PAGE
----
Imagine that one day you awake in your home surrounded by a war you had not expected. Aerial bombings have destroyed the houses of neighbors. Fires are burning. The smell of battle is everywhere, war is enveloping you. You cannot reach your relatives, and you fear they may be dead. You have little money and the banks have closed. You pack what you can in a bag, fleeing with family to a second country, where you hope to find a sense of safety, peace and some assistance.
But soon, that country too slips into war. More rockets, more aerial bombings. Houses destroyed. The UNHCR has granted you "temporary protection status" but this means little amidst air raids and shelling that target without discrimination. Hospital care is no better than what was available in your war-torn homeland. Resources are limited. There is little work. And worst of all, there is little chance of escape. Your special "temporary protection status" meant to save you from one war, has surrendered you to another. As other expatriates are evacuated, you are informed by an international official that as a Syrian, you must stay. "What country will accept you?"
Unable to flee, there is nowhere to go. Yet, in staying, there is no assistance available to you. You have saved yourself from one war, only to fear dying elsewhere in another.
I am one of an estimated 15,000 Syrians trying to survive the conflict in Yemen. Only three thousand are registered as refugees with UNHCR. They do not live in camps, but rather are scattered in different cities, hidden among the poor and vulnerable in urban centers across Yemen.
As the project manager of the Syria Project for CARE International in Yemen, I have frequently met with Syrian refugees, assessing their needs and finding ways to respond either with cash assistance or through referrals. But in recent months, I was overwhelmed with phone calls and inquiries from this refugee population desperately seeking sanctuary. Many are trapped in Aden city with no food or water and they fear being killed if they leave their apartments. Others have sought refuge in nearby villages which may provide some safety to them, but then what? With no income, no assistance, how could they survive the long months of war?
This vulnerable group, who fled to Yemen in search of security are now caught here and fearing for their lives. Some refugees have told me they would even return to Syria, preferring to live with the uncertainty of being detained or killed by war in their own land, rather than trying to survive war here. The world has sent a clear message to Syrians in Yemen; whether registered as a refugee or not, you are left alone in a conflict that you do not relate to and perhaps do not even understand. Do we care?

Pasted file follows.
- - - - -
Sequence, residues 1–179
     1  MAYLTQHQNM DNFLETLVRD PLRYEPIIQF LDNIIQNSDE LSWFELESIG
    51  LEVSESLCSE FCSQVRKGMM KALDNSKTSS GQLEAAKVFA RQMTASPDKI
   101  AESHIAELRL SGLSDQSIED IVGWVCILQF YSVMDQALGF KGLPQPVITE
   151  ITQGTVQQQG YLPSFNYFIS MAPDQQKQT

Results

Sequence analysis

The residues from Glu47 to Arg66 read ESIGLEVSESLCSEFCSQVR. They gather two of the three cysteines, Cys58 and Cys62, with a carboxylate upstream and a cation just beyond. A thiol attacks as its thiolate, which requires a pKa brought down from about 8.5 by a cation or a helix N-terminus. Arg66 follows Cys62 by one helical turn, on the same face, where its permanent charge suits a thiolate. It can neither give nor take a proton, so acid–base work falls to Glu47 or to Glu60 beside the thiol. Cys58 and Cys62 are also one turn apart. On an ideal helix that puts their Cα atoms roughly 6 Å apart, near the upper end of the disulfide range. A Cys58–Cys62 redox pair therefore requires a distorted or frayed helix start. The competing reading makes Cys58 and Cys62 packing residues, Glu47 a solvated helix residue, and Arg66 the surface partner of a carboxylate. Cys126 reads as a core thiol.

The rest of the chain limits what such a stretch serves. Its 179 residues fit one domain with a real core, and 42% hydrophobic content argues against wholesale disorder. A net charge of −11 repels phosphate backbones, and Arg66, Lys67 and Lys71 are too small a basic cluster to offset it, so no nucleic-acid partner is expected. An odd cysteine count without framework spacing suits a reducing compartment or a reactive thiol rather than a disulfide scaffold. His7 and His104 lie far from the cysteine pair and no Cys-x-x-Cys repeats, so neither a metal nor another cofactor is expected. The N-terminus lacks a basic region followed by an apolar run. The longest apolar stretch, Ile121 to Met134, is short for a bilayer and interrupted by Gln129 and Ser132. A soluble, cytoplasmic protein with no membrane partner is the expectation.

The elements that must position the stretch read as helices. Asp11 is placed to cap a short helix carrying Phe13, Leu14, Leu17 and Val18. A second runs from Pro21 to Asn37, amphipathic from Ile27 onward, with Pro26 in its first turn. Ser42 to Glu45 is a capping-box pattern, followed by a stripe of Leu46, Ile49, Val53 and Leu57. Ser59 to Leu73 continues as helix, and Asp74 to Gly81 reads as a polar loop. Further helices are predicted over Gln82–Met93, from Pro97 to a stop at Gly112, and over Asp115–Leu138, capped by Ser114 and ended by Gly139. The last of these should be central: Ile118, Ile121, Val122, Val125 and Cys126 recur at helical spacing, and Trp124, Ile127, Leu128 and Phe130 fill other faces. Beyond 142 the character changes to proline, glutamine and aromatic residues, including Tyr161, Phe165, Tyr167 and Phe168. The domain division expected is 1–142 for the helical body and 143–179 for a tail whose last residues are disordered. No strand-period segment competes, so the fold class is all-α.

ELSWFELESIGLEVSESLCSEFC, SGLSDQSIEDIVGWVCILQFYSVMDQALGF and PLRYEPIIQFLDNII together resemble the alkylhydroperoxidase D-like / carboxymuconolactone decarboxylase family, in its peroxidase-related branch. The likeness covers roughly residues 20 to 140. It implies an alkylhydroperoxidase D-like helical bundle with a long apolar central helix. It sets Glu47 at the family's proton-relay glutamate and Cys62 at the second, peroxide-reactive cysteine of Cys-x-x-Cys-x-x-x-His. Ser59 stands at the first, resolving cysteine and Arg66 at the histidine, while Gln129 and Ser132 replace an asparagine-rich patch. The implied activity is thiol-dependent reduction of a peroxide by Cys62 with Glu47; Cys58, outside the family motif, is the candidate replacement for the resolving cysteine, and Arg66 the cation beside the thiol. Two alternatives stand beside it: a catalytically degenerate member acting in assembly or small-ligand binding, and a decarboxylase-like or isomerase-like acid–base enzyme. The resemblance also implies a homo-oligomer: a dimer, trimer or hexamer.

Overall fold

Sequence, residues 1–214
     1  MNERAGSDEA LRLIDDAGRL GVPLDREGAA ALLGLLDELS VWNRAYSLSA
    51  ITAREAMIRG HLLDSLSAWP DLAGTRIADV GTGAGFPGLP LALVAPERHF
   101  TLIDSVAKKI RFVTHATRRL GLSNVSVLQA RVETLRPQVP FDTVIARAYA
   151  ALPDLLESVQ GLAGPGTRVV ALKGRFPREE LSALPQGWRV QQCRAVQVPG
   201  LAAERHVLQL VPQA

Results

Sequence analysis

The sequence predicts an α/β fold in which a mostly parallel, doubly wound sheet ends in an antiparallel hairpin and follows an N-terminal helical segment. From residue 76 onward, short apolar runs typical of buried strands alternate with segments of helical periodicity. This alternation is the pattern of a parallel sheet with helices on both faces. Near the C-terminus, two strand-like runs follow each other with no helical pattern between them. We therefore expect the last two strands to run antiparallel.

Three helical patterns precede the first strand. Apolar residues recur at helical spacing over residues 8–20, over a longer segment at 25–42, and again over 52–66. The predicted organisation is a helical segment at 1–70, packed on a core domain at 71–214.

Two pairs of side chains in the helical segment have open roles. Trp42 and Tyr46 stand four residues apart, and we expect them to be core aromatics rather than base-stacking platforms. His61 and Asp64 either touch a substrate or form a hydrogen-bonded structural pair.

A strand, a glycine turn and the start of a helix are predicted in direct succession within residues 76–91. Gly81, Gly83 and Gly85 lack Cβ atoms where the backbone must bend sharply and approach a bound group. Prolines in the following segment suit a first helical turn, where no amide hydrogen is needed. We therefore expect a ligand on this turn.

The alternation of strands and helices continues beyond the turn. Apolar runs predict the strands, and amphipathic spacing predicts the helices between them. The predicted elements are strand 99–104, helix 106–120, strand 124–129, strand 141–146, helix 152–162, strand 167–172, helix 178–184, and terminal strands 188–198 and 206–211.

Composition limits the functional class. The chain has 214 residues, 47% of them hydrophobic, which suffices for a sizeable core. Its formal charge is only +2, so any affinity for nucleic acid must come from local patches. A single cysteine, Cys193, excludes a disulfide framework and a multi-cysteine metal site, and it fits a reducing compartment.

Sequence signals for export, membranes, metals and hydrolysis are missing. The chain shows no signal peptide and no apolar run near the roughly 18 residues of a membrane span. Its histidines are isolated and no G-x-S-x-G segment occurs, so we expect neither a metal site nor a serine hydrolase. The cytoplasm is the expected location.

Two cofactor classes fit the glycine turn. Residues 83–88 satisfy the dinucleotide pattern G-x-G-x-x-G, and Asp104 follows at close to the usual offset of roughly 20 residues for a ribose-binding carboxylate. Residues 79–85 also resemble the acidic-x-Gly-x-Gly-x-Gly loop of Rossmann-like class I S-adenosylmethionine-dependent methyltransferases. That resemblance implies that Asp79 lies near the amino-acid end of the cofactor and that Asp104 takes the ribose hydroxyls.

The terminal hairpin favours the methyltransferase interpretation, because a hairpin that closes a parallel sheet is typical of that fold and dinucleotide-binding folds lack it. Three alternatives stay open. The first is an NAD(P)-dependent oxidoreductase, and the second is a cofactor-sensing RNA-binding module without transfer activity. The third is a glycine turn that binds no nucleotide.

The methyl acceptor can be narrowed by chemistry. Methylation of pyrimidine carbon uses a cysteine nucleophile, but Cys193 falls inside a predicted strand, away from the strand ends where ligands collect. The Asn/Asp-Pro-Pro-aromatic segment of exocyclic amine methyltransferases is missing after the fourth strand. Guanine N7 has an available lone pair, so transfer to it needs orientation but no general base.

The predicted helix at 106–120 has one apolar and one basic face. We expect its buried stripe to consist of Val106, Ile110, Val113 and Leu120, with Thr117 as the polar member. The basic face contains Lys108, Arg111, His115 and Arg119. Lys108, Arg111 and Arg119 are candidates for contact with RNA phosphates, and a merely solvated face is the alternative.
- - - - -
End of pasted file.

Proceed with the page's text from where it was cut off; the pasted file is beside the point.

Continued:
For many Syrians, the question is not "Do we escape?" but, "Where can we escape to?" Most cannot afford the exorbitant cost for land transportation and finding a financial sponsor, through Saudi Arabia, and the journey by sea, if available, is dangerous. At a time when governments are discussing the problem of migrants, we -- Syrian refugees in Yemen -- already displaced once (if not several times) are a reminder that it is desperation to survive that drives us to risk our lives making the difficult journey over rough seas.
There is little assistance available to Syrian refugees as Yemen slips further into conflict. They know no one, there are few agencies working with them or on their behalf. Some Syrian families are leaving their already unsafe homes, door-knocking, looking for any source of help.
One Syrian family I know is in need of immediate health intervention in the capital Sana'a. Before the conflict escalated, the father who was fortunate to have work was severely injured on the job. His health situation is critical, requiring intensive care. But with the war and ongoing power shortages, the hospital must close this unit. They can no longer care for him or the others who have nowhere to go. His wife and their two young sons have no options. The Red Cross is overwhelmed, unable to help evacuate and relocate him to another country. Such families are desperately seeking a sign of hope.
CARE has been one of only a few international organizations addressing the plight of Syrian refugees in Yemen. In recent months, CARE helped 1,300 Syrian families maintain appropriate shelter, providing them with monthly rental assistance, and funded by the UN Office for the Coordination of Humanitarian Affairs (OCHA). We have supported another 800 households with basic items, such as household kits and hygiene kits. In whole, CARE has been able to assist close to 10,000 Syrians, men and women, girls and boys.
But for those desperate to survive, much more needs to happen. Why are we failing humanity, again?
As the media turns its head from one conflict to another, as focus shifts towards the humanitarian disasters unfolding elsewhere, on behalf of the thousands of refugees trapped in another war, do not forget Syrian refugees, in Yemen, or elsewhere.
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